READER: I am having a hard time greasing the pins on my front-end loader. The fittings get stopped up and won't take grease. Have you got any idea how to prevent this from happening and how to clean out the old hard grease in the fitting and hole?
STEVE: The most common cause of your problem is using a poor grade of grease. Low-quality grease can harden and, when combined with dirt, dust and the normal wear from turning metal, can become too dense to be pushed through the fitting. There is a tool made to apply a large amount of pressurized oil to blow out the blockage, but sometimes that still is not strong enough to clear the grease's path. I usually remove the fitting and install a small drill bit in a drill, and run the bit around against the pin. Sometimes, I have to raise the loader a little and run the bit around again. Next, I spray some penetrating oil in the hole, clean out the hole with a pick and install the grease fitting. This usually does the trick. If it still will not take grease, build up gun pressure and slowly raise and lower the loader while the grease is pressurized. In extreme cases, the pin area can be heated, and that will melt the blockage away.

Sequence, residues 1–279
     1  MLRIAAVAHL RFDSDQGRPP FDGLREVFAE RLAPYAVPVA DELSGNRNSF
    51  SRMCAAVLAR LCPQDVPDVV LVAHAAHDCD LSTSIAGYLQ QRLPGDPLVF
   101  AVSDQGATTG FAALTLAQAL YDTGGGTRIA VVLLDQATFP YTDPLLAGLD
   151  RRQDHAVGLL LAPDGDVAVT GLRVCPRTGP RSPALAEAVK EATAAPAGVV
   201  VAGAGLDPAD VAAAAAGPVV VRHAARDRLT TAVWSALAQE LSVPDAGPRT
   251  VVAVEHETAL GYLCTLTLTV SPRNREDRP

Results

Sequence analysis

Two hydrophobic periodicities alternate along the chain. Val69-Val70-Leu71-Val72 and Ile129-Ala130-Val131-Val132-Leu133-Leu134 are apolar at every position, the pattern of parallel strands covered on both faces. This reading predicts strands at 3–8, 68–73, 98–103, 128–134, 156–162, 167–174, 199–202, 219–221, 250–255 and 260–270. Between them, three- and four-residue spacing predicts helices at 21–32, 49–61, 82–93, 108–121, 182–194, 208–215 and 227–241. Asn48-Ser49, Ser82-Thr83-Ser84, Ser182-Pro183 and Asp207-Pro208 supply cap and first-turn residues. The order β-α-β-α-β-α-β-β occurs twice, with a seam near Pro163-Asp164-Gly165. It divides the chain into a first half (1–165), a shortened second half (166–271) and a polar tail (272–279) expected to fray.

SAFETY TIP OF THE MONTH:
The holiday season is here, and with it comes many opportunities for accidents to happen around a farm or ranch. Mowing, feeding, baling, combining and handling chemicals are just a few ways to be injured. Putting up holiday decorations ranks up there as a safety hazard. Electricity, ladders, ice and fire are a few things that can offer danger in this time of Christmas cheer. Here are a few safety tips: Use only "outdoor certified" lights outdoors. Wear shoes with soles for traction on ice. Keep an eye on the fireplace (never burn the tree in the fireplace), lighted natural trees and candles. Ask someone to help hold that old shaky ladder. Stay safe. Your family, your animals and your crops need you.
> Write Steve Thompson at Ask The Mechanic, 2204 Lakeshore Dr., Suite 415, Birmingham, AL 35209, or email firstname.lastname@example.org.
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